not-so-good: I learned the fighter verse and taught it to my children so they could recite it Sunday morning (and on cue everywhere else) to show everyone what a good parent I am.

good: I learned the fighter verse and taught it to my children so that God’s Word would be in their mind and hopefully make its way to their heart.  

not-so-good: I learned the fighter verse so that next time I see “so and so” I can slap them up side the head with it.  They are always boasting and this week’s verse is about that.  They definitely need to work on that area of their life.  Plus, they’ll see how holy I am.

good:  I learned the fighter verse so that with humility, I can begin to look at the wickedness of my own heart through the lens of Scripture.  

Of course, in order to come up with these reasons, you can safely assume that I’ve had inklings towards all of them.  Even if subconscious at times.  I’m not sure the human race is capable of a motive that is 100% pure.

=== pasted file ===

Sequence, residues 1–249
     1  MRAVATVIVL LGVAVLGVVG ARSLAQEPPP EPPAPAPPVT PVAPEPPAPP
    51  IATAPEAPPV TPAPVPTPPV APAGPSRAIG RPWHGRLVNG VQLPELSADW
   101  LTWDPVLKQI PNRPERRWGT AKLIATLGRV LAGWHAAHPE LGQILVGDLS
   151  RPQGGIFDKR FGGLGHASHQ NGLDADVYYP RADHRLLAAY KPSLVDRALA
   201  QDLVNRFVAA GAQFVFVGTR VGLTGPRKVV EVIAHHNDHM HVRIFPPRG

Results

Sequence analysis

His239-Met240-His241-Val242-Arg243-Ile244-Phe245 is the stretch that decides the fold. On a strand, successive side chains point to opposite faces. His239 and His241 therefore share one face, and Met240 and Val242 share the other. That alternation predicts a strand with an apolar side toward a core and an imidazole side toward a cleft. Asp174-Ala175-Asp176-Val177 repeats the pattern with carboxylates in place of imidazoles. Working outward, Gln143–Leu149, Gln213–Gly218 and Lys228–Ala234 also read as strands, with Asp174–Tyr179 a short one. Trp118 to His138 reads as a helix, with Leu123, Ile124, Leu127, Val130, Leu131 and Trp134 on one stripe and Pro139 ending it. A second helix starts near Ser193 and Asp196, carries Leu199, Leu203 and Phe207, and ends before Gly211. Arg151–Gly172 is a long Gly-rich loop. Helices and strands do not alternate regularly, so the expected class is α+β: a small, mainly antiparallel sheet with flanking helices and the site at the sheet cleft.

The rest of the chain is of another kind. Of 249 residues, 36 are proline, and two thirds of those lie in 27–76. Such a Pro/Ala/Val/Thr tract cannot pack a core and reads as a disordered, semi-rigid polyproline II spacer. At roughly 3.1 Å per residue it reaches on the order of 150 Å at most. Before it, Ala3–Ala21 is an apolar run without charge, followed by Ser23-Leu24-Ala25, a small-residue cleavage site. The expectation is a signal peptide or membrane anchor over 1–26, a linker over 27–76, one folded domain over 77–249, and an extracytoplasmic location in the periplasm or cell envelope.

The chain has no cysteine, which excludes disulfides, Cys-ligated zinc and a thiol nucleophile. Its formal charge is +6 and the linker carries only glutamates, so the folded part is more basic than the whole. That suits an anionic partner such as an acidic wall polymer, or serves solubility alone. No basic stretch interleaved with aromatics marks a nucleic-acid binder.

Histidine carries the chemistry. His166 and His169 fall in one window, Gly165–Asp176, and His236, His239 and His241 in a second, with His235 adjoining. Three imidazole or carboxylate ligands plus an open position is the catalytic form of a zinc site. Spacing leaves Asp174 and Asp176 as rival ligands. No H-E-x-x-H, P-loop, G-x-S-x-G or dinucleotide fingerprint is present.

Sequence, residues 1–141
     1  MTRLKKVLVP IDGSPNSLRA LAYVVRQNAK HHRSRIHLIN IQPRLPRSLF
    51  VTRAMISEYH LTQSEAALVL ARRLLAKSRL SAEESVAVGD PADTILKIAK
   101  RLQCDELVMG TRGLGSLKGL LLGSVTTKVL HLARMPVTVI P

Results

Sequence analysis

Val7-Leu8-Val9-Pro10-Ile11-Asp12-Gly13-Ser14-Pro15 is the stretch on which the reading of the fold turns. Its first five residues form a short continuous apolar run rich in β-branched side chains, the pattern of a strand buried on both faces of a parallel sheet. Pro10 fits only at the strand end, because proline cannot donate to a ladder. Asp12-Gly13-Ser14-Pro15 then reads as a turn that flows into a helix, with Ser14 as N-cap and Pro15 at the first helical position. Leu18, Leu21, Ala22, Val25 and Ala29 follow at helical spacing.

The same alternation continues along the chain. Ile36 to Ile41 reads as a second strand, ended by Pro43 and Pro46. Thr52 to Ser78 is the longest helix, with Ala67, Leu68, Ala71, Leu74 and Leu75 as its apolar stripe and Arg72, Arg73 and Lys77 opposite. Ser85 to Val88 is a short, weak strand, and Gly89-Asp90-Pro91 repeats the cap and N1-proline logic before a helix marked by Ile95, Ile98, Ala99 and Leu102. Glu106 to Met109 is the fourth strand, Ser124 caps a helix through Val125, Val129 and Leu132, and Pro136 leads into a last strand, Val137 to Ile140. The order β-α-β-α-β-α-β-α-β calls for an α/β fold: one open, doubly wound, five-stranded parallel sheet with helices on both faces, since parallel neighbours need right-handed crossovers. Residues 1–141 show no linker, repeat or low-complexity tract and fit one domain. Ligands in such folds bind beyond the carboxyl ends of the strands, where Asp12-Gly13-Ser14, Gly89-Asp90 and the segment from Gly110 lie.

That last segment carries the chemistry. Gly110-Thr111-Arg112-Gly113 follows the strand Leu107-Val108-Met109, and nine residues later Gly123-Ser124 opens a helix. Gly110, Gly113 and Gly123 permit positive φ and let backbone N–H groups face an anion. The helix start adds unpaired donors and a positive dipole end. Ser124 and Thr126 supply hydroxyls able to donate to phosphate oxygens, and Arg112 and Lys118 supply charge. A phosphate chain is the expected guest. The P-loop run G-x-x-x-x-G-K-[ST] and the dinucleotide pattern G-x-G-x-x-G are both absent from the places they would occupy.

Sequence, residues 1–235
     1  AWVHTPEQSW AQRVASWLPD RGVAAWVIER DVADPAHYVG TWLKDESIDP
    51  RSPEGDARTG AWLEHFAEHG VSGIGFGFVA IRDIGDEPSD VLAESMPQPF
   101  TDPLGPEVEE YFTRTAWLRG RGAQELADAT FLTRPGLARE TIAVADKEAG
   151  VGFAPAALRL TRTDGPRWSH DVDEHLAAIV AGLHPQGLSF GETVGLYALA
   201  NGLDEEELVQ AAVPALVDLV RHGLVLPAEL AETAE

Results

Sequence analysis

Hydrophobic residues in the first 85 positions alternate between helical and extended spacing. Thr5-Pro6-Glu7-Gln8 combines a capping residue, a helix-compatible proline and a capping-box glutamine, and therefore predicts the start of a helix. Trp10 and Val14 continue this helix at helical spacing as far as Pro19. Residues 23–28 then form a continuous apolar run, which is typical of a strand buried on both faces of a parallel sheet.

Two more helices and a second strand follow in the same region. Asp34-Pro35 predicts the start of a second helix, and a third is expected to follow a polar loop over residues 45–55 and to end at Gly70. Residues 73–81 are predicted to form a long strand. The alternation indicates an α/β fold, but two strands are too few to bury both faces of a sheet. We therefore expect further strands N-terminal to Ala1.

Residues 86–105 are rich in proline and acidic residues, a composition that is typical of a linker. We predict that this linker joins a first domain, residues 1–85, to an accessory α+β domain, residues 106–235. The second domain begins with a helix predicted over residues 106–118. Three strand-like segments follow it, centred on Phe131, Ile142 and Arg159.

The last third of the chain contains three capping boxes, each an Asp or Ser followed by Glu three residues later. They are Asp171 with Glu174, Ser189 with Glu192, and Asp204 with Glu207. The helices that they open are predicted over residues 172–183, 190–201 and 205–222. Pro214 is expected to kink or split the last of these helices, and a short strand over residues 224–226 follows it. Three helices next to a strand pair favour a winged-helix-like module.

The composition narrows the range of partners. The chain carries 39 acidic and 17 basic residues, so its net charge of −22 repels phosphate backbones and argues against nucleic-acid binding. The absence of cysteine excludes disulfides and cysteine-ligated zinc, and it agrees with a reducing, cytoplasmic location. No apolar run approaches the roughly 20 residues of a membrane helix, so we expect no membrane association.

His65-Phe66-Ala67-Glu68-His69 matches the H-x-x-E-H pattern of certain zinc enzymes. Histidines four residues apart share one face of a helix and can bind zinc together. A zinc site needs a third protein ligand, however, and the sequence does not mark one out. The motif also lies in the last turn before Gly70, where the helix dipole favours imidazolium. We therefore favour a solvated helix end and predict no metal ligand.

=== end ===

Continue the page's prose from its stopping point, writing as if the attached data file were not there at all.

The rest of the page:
But even if your motives are wrong or partly wrong and you’re working on making them pure, keep memorizing.  When I was a child in AWANA, I guarantee you my motives had nothing to do with putting God’s Word in my heart.

They had to do with winning.  I was ultra competitive.  I wanted to say more verses than anyone else and I wanted my team to win.  Memorizing verses was a means to winning.  Yet, God in His grace has not let His Word return void in my life.  

The foundation of verses stored up in my mind as a child have made their way to my heart.  And I am exceedingly grateful that they are there.  And I long to add to them.  Maybe you’ll consider what God might do through Scripture memory in your life?

younger brother prodigals, older brother judgment and the third way

At Between Two Worlds, Justin Taylor points to this great article by Marvin Olasky from World magazine.

Olasky has some great insights into the younger brother/older brother phenomena, as it touches the Christian and secular world.  He says “We all know of the younger brother’s libertine living.”  But he describes the older brother’s problem as more subtle, “He is self-righteous and lacks joy.”  He goes on:

Part of the evangelical political problem in contemporary America is that much of the press and public sees us as elder brothers..